Plan would target $10M for fire, flood mitigation

April 16, 2013
photo - A mudslide closed U.S. 24 after the Waldo Canyon fire in this photo from last July. Photo by GAZETTE FILE PHOTO
A mudslide closed U.S. 24 after the Waldo Canyon fire in this photo from last July. Photo by GAZETTE FILE PHOTO 

Colorado Springs Mayor Steve Bach will announce a plan Wednesday to take $10 million out of a record-high rainy-day fund to pay for fire and flood mitigation in some of the city’s most vulnerable areas. The request will go before City Council at its informal meeting on Monday, with the first vote scheduled for May 14.

Laura Neumann, the mayor’s chief of staff, said the city’s general fund reserve received a healthy and unanticipated boost last year from an increase in sales tax revenues, bringing it to a record $46.4 million. If approved, the $10 million appropriation and a few other emergency expenditures will leave $33 million in reserve.  That’s about 13 percent of the overall general fund — less than the 25 percent recommended by the Governmental Finance Officers Association.

But Neumann said if there’s ever a reason to dig into the reserves, fire and flood mitigation is it.

“The reserve is intended for emergencies versus paying for things we can’t afford,” she said. “So it’s being used for its very intent.”

The announcement should come as a relief to residents like Karin White, whose Pinon Valley home backs up against the slopes of Ute Valley Park. White and her neighbors had done plenty of mitigation work on their properties, but wondered how successful their efforts would be with tinder-dry vegetation looming over their back yards.

“I can do all the fire mitigation in the world, but unless the city does it on what they own, it won’t do any good,” said White.

The plan on how to spend the $10 million is preliminary, pending the outcome of several studies and expert recommendations. As of Tuesday, this was how it broke down:

• $ 1 million for forest management and mitigation of wildfire fuels, such as removal of dried-out vegetation, in city-owned areas prone to wildfire. Included are Cheyenne Canon, Bear Creek Canyon, Garden of the Gods, Blodgett Peak, Ute Valley Park and other targeted neighborhoods.

“We think $1 million will go a great distance to mitigate the chance for a catastrophic fire in the wildland-urban interface,” Neumann said. “The public’s been hoping we’re going to do something in this regard, and we’re taking a big stand by investing $1 million.”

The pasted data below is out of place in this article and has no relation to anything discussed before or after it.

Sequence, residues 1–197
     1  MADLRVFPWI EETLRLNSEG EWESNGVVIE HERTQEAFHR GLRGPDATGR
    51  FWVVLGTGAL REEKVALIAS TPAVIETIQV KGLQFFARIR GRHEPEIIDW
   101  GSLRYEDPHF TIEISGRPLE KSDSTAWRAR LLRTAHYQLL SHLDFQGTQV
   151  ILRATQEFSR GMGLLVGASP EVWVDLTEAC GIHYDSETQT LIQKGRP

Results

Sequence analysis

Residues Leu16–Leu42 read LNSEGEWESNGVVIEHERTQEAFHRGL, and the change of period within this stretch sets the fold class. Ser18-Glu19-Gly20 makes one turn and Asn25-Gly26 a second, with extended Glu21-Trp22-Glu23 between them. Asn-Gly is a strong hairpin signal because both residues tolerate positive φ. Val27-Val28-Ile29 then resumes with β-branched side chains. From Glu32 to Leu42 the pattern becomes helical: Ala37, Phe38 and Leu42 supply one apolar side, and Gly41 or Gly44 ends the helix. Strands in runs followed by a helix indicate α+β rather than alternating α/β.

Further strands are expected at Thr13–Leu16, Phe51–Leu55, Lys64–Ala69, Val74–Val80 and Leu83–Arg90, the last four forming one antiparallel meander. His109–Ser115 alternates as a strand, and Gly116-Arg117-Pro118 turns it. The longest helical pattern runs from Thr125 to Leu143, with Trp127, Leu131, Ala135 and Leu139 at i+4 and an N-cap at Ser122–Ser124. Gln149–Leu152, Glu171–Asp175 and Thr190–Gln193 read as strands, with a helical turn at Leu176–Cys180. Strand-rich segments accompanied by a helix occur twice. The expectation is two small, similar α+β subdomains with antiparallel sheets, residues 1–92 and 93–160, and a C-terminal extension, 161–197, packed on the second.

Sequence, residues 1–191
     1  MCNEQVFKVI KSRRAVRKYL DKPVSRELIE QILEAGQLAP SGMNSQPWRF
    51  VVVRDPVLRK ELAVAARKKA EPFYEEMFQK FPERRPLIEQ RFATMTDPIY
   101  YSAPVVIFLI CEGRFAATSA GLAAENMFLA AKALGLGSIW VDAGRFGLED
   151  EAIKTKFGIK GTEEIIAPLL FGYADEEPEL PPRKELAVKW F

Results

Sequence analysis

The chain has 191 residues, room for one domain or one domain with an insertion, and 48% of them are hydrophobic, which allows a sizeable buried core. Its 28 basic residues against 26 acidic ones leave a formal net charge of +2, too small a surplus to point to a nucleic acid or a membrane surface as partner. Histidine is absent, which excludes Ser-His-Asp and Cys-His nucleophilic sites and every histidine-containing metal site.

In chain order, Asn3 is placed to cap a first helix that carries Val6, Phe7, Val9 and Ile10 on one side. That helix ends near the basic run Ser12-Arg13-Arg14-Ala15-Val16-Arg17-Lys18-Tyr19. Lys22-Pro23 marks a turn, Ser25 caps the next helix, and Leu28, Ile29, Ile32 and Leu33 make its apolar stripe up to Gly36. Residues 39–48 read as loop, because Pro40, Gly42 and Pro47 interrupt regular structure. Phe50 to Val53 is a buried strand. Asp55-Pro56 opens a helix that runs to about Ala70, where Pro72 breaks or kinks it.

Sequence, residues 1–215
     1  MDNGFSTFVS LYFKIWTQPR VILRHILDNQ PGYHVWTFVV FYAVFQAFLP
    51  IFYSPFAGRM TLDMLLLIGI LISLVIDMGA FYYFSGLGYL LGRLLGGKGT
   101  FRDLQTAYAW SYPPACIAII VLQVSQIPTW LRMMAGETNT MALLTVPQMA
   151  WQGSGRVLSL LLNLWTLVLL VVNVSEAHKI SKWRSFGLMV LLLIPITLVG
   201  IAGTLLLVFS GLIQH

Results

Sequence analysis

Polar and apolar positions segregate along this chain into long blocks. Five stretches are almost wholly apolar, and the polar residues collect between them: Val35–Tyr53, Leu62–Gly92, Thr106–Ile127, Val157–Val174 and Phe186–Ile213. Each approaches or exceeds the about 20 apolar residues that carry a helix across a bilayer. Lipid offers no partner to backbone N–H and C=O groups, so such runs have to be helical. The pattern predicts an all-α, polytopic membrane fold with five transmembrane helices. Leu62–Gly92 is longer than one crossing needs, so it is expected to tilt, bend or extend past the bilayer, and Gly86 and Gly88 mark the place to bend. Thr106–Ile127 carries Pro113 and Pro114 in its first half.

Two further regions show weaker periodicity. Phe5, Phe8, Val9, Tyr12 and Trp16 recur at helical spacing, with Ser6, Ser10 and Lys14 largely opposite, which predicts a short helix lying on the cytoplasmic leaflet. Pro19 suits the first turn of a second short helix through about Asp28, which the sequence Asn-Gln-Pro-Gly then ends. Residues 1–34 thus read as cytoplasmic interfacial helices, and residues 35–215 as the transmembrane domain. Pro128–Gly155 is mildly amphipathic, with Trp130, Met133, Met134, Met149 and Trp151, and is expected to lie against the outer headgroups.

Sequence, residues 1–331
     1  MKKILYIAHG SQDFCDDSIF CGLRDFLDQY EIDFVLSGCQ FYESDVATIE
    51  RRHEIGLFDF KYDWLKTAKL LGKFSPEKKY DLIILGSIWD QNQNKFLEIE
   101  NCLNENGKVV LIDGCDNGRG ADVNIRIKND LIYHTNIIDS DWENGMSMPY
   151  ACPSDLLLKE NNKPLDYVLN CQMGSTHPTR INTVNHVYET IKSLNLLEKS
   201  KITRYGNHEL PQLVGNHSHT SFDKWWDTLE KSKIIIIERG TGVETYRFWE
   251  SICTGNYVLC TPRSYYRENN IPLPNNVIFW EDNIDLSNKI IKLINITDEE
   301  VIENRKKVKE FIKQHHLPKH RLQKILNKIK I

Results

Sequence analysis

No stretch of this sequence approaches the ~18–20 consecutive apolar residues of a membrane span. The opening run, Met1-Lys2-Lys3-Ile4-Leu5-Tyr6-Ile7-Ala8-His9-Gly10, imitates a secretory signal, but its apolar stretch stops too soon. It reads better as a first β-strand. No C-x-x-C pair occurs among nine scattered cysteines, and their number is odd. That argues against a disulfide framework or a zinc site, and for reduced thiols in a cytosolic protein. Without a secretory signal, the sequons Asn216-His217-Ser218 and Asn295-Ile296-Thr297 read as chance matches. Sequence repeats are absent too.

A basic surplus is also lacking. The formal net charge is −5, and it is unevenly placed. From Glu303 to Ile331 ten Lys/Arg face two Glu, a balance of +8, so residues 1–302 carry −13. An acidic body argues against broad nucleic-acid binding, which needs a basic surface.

Neumann said it’s a labor-intensive process, and people will be hired on a contract basis to do the work.

• $3 million for a Camp Creek retention basin. The Camp Creek channel was built in the 1950s near Garden of the Gods and Rockledge Ranch, and a number of homes in that area are in a 100-year floodplain, Neumann said. The project will capture water in retention ponds to prevent flooding in an area where the potential for runoff has been exacerbated by last summer’s Waldo Canyon fire.

“So this is a priority project,” Neumann said.

• $5.8 million for flood-mitigation projects targeted by a regional study being conducted by the U.S. Forest Service, in conjunction with the city, El Paso County and Manitou Springs. Neumann said the study should be released in the next few weeks, and the city anticipates that hydrologists will make Camp Creek and Douglas Creek priorities. With money already set aside for Camp Creek, the $5.8 million would be used to fix the five-mile North Douglas Creek concrete channel in Oak Valley and the northern part of Mountain Shadows, and the 2.5- mile stretch of South Douglas Creek in the southern part of Mountain Shadows. Neumann said the project recommendations could change, depending on the hydrologists’ final recommendations.

• $100,000 to contribute to a comprehensive scientific study of the Waldo Canyon fire, as recommended by the state’s two U.S. senators. Neumann said the study is expected to cost $700,000, with the county, state and U.S. Forest Service also chipping in.

“It’s an overarching study that just looks at the different ways we look at mitigation,” Neumann said.

• $100,000 to improve training and response to fires. Neumann said the recently released after-action review of the Waldo fire pointed out a number of areas that needed improvement, including training and coordination among various jurisdictions. The money will be used for training, joint exercises and improvements in the Joint Information Center.

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